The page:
The Nobel Committee awarded this year's Nobel Peace Prize to World Food Program (WFP) "for its efforts to combat hunger, for its contribution to bettering conditions for peace in conflict-affected areas and for acting as a driving force in efforts to prevent the use of hunger as a weapon of war and conflict." This is all the more relevant in these times as recession and economic uncertainties loom large. The award may also be viewed as the Nobel Committee's priority reminder to countries and international development organisations to be alert to probable hunger and famine, should the pandemic linger further.
The award also highlights the importance of placing additional focus on food security, especially in developing countries. In the current context, bilateral and multilateral development assistance should ensure higher budgetary support to countries in transition from Least Developed and Developing statuses to Mid-Income categories.
Another critical implication that warrants attention is renewed focus on poverty and inequality. There are concerns that poverty might rise to critical levels due to rising unemployment and declining incomes. The addition of new poor may aggravate poverty levels. Based on the Global Hunger Index (by the International Food Policy Research Institute), regions that are conflict-ridden and most critically exposed to environment challenges are prone to hunger and famine.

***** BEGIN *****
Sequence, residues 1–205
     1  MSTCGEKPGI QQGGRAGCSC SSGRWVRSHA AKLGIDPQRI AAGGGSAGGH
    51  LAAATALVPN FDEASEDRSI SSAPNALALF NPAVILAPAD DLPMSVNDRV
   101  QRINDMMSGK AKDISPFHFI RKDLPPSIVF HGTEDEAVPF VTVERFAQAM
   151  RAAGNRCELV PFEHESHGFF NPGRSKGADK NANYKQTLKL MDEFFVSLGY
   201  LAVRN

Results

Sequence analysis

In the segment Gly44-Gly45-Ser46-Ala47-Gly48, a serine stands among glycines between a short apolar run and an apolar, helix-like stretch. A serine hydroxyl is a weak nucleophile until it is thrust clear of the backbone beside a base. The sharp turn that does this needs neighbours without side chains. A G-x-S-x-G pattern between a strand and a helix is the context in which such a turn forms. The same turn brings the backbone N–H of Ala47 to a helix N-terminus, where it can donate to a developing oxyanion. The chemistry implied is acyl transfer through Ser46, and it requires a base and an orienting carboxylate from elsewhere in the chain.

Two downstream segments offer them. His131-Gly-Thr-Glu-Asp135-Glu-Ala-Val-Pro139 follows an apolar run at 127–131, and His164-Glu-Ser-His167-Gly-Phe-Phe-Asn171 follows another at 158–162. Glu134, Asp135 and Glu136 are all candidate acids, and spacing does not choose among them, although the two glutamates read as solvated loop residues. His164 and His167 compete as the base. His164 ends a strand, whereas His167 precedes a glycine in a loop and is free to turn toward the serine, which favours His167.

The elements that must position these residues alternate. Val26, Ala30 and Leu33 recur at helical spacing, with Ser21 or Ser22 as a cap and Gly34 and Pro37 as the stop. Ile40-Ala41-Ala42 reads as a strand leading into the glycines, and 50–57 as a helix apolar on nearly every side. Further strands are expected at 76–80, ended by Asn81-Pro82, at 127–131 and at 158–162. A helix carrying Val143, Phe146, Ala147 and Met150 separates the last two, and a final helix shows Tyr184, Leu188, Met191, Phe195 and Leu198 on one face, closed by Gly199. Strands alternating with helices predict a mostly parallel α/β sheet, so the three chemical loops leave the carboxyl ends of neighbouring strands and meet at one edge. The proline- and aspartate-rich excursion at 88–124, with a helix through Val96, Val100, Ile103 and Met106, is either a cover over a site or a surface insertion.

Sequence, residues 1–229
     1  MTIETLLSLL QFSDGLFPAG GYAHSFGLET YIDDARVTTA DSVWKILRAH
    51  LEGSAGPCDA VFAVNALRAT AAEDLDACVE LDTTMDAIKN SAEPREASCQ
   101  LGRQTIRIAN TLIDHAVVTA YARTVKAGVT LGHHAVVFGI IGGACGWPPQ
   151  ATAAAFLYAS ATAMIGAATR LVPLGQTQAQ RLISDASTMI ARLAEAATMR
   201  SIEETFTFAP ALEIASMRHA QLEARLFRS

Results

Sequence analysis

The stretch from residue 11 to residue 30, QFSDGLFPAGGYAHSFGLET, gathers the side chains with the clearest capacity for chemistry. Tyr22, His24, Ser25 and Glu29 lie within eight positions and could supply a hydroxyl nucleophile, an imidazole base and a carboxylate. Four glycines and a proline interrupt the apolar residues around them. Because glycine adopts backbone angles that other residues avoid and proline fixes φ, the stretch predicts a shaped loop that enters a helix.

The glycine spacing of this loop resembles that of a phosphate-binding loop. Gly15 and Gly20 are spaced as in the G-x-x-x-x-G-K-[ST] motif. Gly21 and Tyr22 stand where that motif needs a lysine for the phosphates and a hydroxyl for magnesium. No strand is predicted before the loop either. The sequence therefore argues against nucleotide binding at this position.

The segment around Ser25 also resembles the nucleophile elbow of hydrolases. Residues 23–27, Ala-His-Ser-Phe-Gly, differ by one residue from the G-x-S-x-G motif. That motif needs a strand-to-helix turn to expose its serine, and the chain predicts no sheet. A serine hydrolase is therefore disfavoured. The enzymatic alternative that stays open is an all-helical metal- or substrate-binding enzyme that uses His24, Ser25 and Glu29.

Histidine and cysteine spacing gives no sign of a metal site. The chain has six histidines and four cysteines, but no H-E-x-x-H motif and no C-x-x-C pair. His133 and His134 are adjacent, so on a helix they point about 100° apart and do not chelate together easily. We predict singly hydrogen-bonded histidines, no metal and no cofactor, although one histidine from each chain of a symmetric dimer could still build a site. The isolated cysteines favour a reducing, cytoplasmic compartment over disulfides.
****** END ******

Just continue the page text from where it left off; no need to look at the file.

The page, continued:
Some pertinent questions would relate to considering whether hunger should be assessed along with food security. Food security would be a necessary element to ensure hunger prevention but may not be sufficient to combat hunger in the long run. There is a renewed global thrust on checking hunger with a focused approach. This year's Nobel Peace Award gives further indication that food policy and programme impacts should view hunger prevention both as strategy and outcome. It is important to emphasise the responsiveness and efficiency with which the WFP undertook and implemented effective and results-based programmes to help countries counter the pandemic. WFP's Mid Term Program Framework (MTPF) envisions sustainable programmes that build on three pillars of emergency intervention: support to national social protection systems, improved basic services delivery, and efficient food management without disruption. WFP also closely reviewed implications of the pandemic on the world's poorest in terms of food security, monitored trends in country economic indicators for required interventions, and reached out to countries to support respective national efforts in checking tendencies towards hunger.
Regions and communities adversely affected by climate change, environmental degradation, disasters and conflicts face greater risks of hunger and famine. This is mainly due to massive disruptions in production and supplies, insufficient access and uneven distribution. UN reports confirm over 80 percent of the world's hungry live in disaster-prone and conflict-driven countries. While resolving conflicts and promoting environment would be useful solutions to preventing hunger, it is extremely important to review and address the key causes of global hunger—rising inequalities, unequal distribution of assets and resources, landlessness, severe lack of access to credit, declining incomes and inadequate employment opportunities. The situation worsens when disadvantaged and vulnerable groups cannot afford minimum access to land, farming inputs and agricultural resources, resulting in reduced access to food.